send a telegram, or buy a newspaper, to obtain a physician in case of illness, or a surgeon in case of accident, to land or bring off a passenger, or even to lend assistance to the inhabitants in fire, flood, or pestilence, it would, upon this construction, be held to violate the Treaty stipulations maintained between two enlightened, maritime, and most friendly nations, whose ports are freely open to each other in all other places and under all other circumstances. If a vessel is not engaged in fishing, she may enter all ports. But if employed in fishing not denied to be lawful, she is excluded, though on the most innocent errand. She may buy water, but not food or medicine; wood, but not coal. She may repair rigging, but not purchase a new rope, though the inhabitants are desirous to sell it. If she even entered the port (having no other business) to report herself to the Custom House, as the vessel in question is now seized for not doing, she would be equally within the interdiction of the Treaty. If it be said these are extreme instances of violation of the Treaty, not likely to be insisted on, I reply that no one of them is more extreme than the one relied upon in this case.

I am persuaded that your Lordship will, upon reflection, concur with me that an intention so narrow, and in its results so unreasonable and so unfair, is not to be attributed to the High Contracting Parties who entered into this Treaty.

It seems to me clear that the Treaty must be construed in accordance with those ordinary and well-settled rules applicable to all written instruments, which, without such salutary assistance, must constantly fail of their purpose. By these rules the letter often gives way to the intent, or, rather, is only used to ascertain the intent. The whole document will be taken together, and will be considered in connection with the attendant circumstances, the situation of the parties, and the object in view. And thus the literal meaning of an isolated clause is often shown not to be the meaning really understood or intended.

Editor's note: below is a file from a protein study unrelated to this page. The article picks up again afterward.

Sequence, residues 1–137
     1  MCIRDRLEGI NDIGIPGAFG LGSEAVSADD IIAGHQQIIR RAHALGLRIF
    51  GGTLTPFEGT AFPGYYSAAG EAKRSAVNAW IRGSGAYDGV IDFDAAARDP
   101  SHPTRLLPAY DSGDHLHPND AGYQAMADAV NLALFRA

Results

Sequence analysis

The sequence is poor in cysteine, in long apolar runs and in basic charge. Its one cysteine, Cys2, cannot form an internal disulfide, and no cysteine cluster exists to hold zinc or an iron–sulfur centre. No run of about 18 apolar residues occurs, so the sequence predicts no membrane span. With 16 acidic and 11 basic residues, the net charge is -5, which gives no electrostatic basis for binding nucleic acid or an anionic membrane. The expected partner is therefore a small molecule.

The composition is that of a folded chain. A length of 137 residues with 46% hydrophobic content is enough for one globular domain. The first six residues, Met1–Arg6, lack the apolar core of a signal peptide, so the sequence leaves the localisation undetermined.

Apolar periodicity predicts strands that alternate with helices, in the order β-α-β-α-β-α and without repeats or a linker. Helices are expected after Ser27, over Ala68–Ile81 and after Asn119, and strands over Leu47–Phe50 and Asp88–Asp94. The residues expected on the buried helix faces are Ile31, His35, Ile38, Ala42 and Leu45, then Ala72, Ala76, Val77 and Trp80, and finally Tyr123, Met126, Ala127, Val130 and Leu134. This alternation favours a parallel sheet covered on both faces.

Upon these principles of construction, the meaning of the clause in question does not seem doubtful. It is a Treaty of friendship, and not of hostility. Its object was to define and protect the relative rights of the people of the two countries in these fisheries, not to establish a system of non-intercourse, or the means of mutual and unnecessary annoyance. It should be judged in view of the general rules of international comity, and of maritime intercourse and usage, and its restrictions considered in the light of the purposes they were designed to serve.

Thus regarded, it appears to me clear that the words, “for no other purpose whatever." as employed in the Treaty, mean no other purposes inconsistent with the provisions of the Treaty, or prejudicial to the interests of the provinces or their inhabitants, and were not intended to prevent the entry of American fishing vessels into Canadian ports for innocent and mutually beneficial purposes, or unnecessarily to restrict the free and friendly intercourse customary between all civilized maritime nations, and especially between the Unitd States and Great Britain. Such, I cannot but believe, is the construction that would be placed upon this Treaty by an enlightened Court of Justice.

But even were it conceded that if the Treaty was a private contract instead of an international one, a Court, in dealing with an